After this triumph in Los Angeles, owner Fran Clark tried to sell the horse. British rider Lizzie Purbrick knew Todd wanted to keep the ride, so she helped broker a secret deal where Todd’s sponsor Woolrest transferred money into her account, and she then sent the money to Clark so Todd could continue his partnership with Podge.
The acquisition paid off as the pair finished second again at Badminton in 1985 and won at Luhmuhlen (Germany) the following year. Another shot at the Olympic team came into focus after Charisma placed second at the Burghley Horse Trials (England) and won the British open championship in 1987.
Despite these impressive performances, some doubters still wondered whether Charisma, at 16, would be able to medal again in South Korea. No horse had earned back-to-back individual gold medals in eventing since the Netherlands’ Marcroix with Lt. Charles F. Pahud de Mortanges in 1928 and 1932. Commentators questioned the suitability of a small gelding to carry the very tall Todd, who reportedly joked he had to shorten his stirrups to be sure his own feet wouldn’t hit the jumps.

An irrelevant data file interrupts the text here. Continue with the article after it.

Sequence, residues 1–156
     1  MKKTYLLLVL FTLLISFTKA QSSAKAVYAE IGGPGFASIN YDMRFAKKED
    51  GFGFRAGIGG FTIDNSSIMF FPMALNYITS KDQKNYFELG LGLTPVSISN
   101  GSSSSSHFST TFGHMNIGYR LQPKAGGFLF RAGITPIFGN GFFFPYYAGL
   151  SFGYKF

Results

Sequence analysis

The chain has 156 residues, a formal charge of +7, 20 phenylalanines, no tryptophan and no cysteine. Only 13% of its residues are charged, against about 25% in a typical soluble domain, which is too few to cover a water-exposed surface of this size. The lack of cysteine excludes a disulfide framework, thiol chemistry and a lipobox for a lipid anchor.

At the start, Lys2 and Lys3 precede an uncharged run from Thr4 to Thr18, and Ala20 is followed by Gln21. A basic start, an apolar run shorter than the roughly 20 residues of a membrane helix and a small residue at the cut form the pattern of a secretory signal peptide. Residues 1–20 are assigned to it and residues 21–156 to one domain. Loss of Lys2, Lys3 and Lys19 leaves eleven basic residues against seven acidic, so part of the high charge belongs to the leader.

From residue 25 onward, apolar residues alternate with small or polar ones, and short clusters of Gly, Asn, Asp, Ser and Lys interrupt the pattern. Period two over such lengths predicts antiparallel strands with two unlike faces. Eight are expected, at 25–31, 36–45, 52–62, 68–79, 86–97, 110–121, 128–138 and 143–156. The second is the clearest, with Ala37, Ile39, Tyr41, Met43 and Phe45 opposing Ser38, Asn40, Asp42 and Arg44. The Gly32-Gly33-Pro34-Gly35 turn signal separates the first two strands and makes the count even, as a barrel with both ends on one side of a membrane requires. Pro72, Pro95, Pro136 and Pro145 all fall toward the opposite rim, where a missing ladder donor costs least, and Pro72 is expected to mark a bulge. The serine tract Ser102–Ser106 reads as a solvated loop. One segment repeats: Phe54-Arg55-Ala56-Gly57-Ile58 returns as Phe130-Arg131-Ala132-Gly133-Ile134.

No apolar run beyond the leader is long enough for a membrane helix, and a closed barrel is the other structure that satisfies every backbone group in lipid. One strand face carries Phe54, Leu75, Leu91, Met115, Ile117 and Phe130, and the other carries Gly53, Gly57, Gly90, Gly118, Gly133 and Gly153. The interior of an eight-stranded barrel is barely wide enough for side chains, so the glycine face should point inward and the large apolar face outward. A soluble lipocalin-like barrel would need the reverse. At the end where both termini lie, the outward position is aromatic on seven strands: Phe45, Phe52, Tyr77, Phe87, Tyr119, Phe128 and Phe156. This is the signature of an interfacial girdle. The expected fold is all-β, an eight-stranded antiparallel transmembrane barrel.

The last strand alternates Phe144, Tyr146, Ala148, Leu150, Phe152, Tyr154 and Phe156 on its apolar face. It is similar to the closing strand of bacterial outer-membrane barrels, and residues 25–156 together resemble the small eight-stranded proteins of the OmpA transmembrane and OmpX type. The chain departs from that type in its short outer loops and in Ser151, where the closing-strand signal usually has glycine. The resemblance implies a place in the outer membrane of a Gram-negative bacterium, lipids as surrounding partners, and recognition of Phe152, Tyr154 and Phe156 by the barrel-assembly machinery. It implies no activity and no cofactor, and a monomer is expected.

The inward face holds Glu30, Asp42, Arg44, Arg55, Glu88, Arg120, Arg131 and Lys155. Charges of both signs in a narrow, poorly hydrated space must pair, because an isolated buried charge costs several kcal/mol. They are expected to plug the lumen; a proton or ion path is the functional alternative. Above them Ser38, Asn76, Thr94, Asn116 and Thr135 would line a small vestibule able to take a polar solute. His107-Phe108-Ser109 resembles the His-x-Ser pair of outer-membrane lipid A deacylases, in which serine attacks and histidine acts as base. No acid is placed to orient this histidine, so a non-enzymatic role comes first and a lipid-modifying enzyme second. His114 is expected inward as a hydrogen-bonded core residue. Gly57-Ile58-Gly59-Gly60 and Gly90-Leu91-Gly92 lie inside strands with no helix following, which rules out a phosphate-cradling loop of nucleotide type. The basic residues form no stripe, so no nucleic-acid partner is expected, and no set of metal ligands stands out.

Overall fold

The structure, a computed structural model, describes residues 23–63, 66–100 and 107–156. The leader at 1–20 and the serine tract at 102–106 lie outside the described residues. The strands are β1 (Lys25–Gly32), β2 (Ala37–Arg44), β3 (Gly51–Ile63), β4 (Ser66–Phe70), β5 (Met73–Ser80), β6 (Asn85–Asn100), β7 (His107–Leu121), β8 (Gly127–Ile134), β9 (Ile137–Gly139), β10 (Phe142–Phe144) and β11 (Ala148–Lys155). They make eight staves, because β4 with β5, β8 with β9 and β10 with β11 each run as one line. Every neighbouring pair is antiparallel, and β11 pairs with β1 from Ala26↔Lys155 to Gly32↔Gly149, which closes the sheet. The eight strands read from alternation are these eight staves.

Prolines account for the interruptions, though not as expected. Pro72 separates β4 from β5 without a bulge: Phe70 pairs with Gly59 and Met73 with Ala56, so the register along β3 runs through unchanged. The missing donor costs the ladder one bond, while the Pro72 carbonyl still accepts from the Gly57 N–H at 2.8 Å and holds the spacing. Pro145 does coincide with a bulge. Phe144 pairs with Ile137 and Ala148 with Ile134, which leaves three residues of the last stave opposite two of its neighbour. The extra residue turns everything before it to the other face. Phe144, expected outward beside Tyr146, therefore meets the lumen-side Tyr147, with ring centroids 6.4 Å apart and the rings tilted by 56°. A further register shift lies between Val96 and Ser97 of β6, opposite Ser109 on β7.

Todd arrived in Seoul determined to prove that his previous win hadn’t been beginner’s luck. Despite the sweltering heat, he guided Charisma to a first-placed dressage test, one of just four scored below 50%.
Endurance day, however, promised to be challenging. The formidable course wound over sandy, tiring footing in the Demilitarized Zone near the North Korean border. The ground jury ordered some fences lowered and removed a bounce element near the finish, but many combinations were overfaced. U.S. riders had a total of five falls, and even with remounting to continue allowed at the time, they failed to finish a team.